• In the pre-computer era creating separate access points was a time-consuming physical process. AS a matter of practical time-saving there was one main card containing all of the cataloging information with briefer records on the others. This card was the main entry and each subsequent card were added entries.If you’re at a large academic or public library, you may get hundreds (thousands) of such books. Your library has a card catalog.You have to catalog a book with three authors, an editor, a title, a series title, and four subject headings. That’s 10 different access points.You need 10 copies of the record, one to file under each access point.It’s a long record– it prints on 3 catalog cards. Multiply that by 10, and that’s 30 cards for the catalog, for this one book. AACR and its subsequent rules all based on fitting pertinent and LIMITED information on 3x5 cards.
  • 1960s: the influence of computer technologiesFollowing this, the next big innovation came with the advent of MARC standards in the 1960s which coincided with the growth of computer technologies – library automation was born.[3] From this point onwards, libraries began experimenting with computers, and, starting in the late 1960s and continuing into the 1970s, bibliographic services utilizing new online technology and the shared MARC vocabulary entered the market; these included OCLC (1967), Research Libraries Group (which has since merged with OCLC), and Washington Library Network (which became Western Library Network and is also now part of OCLC).[4]MARC, MAchine-Readable Cataloging, is the method by which paper-and-ink card catalogs were converted to computer catalogs. This automated library systems, in turn greatly enhancing the feasibility of interlibrary lending and paving the way for networking capabilities.[17] Avram was a key figure in the revolution of librarianship into information science.[18]MARC, in her words, is “an assemblage of formats, publications, procedures, people, standards, systems, equipment, etc., that has evolved over the years stimulating the development of library automation and information networks…nationally and internationally.”[19] MARC has had many incarnations through the years, from the initial Planning Memorandum Number Three, which resulted from that first catalog card analysis at LC, to MARC 1, and eventually to MARC 21, the format that is used today.Avram is the author of the book, MARC, its history and implications, published by the Library of Congress in 1975.[20]In order to ensure that MARC would be adopted nationwide, she worked with the American Library Association and the American National Standards Institute to make it a national standard.[21] Not content with earning the national standard in 1971, Avram continued lobbying until MARC became an International Organization for Standardization standard in 1973. Largely due to her efforts, MARC is now used as the basis for library automation and bibliographic communication throughout the world.[22] Avram was also one of the original planners of the Linked Systems Project. In this role, she was “tireless in spreading the gospel of using international standards to link databases housed on disparate computer systems.”[23] Though she never intended to be a librarian, Avram became a “towering figure in library automation and bibliographic control.”[24]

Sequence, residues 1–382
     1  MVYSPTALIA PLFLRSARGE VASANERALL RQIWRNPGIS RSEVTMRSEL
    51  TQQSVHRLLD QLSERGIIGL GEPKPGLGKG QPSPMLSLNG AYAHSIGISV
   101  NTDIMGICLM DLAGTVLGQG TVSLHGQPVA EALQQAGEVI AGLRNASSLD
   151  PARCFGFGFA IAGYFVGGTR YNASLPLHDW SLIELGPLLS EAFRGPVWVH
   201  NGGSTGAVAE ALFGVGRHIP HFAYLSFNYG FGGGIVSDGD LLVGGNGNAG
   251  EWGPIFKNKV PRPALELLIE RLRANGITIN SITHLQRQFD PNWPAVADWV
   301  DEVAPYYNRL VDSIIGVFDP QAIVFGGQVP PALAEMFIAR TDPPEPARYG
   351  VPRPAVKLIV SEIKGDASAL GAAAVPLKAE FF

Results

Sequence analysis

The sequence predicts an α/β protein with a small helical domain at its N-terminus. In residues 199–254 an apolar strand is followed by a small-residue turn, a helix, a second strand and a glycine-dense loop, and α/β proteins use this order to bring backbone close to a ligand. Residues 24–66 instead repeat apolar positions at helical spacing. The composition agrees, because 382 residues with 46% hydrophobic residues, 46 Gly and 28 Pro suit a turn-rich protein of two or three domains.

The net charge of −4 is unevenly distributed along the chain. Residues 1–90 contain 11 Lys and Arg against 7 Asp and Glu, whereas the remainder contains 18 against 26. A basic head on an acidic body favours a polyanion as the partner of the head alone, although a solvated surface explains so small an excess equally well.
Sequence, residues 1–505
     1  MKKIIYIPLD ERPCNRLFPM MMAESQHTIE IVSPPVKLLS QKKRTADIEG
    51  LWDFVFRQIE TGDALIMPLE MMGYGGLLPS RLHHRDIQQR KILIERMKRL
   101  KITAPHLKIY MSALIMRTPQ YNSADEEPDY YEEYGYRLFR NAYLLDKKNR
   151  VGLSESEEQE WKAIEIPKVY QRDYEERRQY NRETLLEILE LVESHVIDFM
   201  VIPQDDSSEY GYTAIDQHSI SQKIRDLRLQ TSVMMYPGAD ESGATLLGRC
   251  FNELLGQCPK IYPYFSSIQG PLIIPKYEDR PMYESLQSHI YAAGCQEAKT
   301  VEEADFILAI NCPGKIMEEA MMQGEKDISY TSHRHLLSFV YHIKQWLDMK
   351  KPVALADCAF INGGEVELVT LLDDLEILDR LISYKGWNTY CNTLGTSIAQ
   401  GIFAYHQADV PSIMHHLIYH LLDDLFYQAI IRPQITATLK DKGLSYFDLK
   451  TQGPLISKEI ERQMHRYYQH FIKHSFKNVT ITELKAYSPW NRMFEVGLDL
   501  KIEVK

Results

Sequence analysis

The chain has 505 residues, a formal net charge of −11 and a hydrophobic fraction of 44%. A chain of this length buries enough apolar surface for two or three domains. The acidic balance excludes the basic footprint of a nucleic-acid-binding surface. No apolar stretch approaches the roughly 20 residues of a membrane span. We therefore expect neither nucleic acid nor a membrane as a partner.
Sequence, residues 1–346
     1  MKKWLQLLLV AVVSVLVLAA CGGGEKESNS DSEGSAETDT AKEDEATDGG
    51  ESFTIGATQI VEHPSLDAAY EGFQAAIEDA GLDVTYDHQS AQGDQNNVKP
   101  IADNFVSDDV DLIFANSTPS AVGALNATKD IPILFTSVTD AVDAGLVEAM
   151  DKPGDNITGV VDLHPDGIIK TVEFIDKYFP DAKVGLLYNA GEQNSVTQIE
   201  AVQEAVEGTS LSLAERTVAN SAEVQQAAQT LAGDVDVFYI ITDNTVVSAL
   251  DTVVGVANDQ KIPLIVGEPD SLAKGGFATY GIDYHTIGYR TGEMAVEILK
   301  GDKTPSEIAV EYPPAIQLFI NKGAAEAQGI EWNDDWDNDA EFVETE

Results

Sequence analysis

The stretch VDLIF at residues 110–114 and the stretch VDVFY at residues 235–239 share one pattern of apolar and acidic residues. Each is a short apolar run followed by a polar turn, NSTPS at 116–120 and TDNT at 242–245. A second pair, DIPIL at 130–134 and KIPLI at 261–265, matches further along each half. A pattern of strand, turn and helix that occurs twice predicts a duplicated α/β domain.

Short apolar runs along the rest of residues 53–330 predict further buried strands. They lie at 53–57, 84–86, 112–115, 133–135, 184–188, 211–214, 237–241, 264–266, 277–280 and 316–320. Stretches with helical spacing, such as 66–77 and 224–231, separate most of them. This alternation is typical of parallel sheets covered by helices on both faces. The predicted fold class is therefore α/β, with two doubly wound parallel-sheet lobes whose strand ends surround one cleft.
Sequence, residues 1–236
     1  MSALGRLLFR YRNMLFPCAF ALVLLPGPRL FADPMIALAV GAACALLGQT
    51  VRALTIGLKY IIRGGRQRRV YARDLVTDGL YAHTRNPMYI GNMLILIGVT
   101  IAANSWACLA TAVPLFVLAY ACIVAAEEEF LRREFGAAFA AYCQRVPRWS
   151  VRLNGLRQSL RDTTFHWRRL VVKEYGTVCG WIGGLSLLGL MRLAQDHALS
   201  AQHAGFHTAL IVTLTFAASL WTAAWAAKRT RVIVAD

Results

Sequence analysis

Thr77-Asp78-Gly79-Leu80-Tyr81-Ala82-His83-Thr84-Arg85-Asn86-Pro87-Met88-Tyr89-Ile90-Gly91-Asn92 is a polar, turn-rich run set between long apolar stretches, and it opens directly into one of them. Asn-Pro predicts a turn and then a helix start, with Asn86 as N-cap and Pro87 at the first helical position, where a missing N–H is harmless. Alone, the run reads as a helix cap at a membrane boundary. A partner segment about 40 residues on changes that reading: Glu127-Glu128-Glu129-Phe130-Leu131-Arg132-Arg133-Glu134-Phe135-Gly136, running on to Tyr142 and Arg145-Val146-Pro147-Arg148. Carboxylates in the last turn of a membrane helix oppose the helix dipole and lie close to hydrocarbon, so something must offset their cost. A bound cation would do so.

• During this period outside entities created the technology, hardware and software, that libraries would use to code and share the data. The rules would change as new formats were introduced, however they were merely appended to the old rules and way of collecting that data. The focus did not change with the technology. 1970s-1980s: the early integrated library systemThe 1970s can be characterized by improvements in computer storage as well as in telecommunications.[4] As a result of these advances, ‘turnkey systems on microcomputers,’[4] known more commonly as integrated library systems (ILS) finally appeared. These systems included necessary hardware and software which allowed the connection of major circulation tasks, including circulation control and overdue notices.[5] As the technology developed, other library tasks could be accomplished through ILS as well, including acquisition, cataloguing, reservation of titles, and monitoring of serials.[6]